Using the machine learning library

Let's look at an example of how to use the Fetch.ai machine learning library to train a neural network in a standalone application. This example will predict house prices for the Boston Housing Dataset, which can be downloaded from here.

The implementation is based on the Etch language, which is also used to write smart contracts on the Fetch.ai ledger; you saw a very brief example in the previous section. Instructions to set up an Etch development environment can be found here.

Loading input data

An Etch program running outside of a ledger environment needs a main() function as its entry point.

Note

Please include all the code snippets listed below inside the main() function.

Since the input is provided via multiple CSV files, the main() function firstly has to check the correct number of files is provided, then load the input data from them:

function main()

    if (System.Argc() != 5)
      print("Usage: SCRIPT_FILE -- PATH/TO/BOSTON_TRAIN_DATA.CSV PATH/TO/BOSTON_TRAIN_LABELS.CSV PATH/TO/BOSTON_TEST_DATA.CSV PATH/TO/BOSTON_TEST_LABELS.CSV ");
      return;
    endif

    var data = readCSV(System.Argv(1));
    var label = readCSV(System.Argv(2));
    var test_data = readCSV(System.Argv(3));
    var test_label = readCSV(System.Argv(4));

endfunction

Setting up the model

We then create a Model type and set a flag on it that describes what kind of Model we want. A sequential model allows us to manually add layers specifying:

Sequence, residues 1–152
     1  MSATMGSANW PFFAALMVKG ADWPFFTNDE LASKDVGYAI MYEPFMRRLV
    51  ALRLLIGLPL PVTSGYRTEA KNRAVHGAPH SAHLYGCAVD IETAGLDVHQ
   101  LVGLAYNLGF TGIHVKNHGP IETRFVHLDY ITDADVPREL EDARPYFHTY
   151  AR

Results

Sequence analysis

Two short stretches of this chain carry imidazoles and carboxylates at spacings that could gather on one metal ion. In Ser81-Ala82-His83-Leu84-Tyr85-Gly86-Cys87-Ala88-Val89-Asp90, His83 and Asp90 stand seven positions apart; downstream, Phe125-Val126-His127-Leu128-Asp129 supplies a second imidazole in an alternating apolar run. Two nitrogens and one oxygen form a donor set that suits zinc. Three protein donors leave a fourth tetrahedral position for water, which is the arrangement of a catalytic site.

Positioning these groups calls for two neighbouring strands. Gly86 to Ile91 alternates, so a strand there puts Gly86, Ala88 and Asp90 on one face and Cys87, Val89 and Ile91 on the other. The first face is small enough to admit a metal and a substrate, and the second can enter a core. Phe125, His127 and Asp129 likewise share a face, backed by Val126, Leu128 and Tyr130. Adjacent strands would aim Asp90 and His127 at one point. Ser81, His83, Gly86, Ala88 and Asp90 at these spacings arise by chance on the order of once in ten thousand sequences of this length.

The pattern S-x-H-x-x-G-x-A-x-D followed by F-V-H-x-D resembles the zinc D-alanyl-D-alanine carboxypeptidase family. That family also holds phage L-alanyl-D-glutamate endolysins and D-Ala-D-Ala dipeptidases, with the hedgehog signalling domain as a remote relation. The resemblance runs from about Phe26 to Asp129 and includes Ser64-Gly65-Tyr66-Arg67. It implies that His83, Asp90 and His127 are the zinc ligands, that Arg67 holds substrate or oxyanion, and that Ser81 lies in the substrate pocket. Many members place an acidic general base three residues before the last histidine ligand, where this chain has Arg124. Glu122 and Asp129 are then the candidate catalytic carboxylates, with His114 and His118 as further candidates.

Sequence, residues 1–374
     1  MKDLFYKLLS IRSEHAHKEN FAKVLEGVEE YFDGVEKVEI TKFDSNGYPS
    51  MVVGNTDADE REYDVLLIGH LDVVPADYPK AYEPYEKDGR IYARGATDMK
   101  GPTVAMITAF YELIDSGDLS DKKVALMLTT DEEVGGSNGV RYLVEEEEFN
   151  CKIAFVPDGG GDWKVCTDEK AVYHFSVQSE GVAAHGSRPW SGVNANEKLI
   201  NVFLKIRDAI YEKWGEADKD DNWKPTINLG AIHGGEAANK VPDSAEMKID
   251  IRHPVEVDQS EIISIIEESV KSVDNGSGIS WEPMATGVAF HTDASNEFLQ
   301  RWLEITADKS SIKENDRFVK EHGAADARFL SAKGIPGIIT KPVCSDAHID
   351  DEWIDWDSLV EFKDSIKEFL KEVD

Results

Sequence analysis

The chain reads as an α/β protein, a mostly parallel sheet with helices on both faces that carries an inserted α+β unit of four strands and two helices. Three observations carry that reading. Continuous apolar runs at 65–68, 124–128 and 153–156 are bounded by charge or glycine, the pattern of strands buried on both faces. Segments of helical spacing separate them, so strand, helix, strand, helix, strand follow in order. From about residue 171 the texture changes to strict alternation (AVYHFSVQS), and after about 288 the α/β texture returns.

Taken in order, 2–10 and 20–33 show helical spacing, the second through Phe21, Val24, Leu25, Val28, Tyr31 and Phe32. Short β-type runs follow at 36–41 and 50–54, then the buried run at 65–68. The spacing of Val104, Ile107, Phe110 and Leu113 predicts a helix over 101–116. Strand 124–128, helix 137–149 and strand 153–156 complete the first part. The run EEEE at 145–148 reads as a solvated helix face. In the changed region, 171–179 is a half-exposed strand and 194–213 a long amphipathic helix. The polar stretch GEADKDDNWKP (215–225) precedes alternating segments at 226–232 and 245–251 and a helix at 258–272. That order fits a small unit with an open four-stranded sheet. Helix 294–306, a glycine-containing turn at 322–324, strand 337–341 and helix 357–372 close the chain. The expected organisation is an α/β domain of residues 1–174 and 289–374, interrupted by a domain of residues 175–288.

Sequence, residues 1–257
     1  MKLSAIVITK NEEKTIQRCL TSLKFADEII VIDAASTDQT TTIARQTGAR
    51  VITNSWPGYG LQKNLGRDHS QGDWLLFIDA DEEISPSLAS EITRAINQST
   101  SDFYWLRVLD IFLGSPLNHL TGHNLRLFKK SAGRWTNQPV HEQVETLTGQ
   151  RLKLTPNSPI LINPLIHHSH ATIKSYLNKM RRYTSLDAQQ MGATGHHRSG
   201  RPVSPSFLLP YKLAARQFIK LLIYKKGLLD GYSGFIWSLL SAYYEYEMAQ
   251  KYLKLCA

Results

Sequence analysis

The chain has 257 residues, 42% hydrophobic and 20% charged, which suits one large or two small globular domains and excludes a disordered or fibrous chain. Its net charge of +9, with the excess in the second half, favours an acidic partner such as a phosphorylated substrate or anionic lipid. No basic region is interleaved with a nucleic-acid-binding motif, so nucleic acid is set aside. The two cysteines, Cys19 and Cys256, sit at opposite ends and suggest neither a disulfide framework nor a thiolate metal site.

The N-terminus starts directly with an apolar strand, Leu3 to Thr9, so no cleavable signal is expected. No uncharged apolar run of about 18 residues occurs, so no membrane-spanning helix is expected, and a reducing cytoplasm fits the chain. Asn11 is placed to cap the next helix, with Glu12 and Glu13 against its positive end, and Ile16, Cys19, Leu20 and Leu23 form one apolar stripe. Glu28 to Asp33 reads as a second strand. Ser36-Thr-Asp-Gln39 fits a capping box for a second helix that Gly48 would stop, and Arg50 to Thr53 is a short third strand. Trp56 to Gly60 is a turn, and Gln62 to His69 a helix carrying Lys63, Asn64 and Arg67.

• Type: dense in this example refers to a fully-connected layer where every neuron in the layer is connected to every input and every output.
  • Input size: must match the data for the first layer
  • Neurons in layer / output size: must match the label size for the final layer
  • Activation type (optional): here we use a rectified linear unit for the first two layers, and no activation for the final layer

Finally, we compile the model using the mse (mean squared error) loss function, and the adam optimiser.

    var model = Model("sequential");
    model.add("dense", 13u64, 10u64, "relu");
    model.add("dense", 10u64, 10u64, "relu");
    model.add("dense", 10u64, 1u64);
    model.compile("mse", "adam");

Training and evaluating the model

Training the model once set up is easy: we just call fit with the data, labels, and chosen batch size.

    var batch_size = 10u64;
    model.fit(data, label, batch_size);

Evaluating the model will return the training loss by default, but other metrics may be specified.

    var loss = model.evaluate();

Making predictions on the model

Finally, we make house price predictions by passing in the test data. Since test_data contains input data for multiple houses, the output tensor contains multiple predictions.

    var predictions = model.predict(test_data);

Running the script

The script can be run from the root of the ledger folder, passing the input files as arguments with the following:

./etch boston-training.etch -- 1st-file 2nd-file 3rd-file 4th-file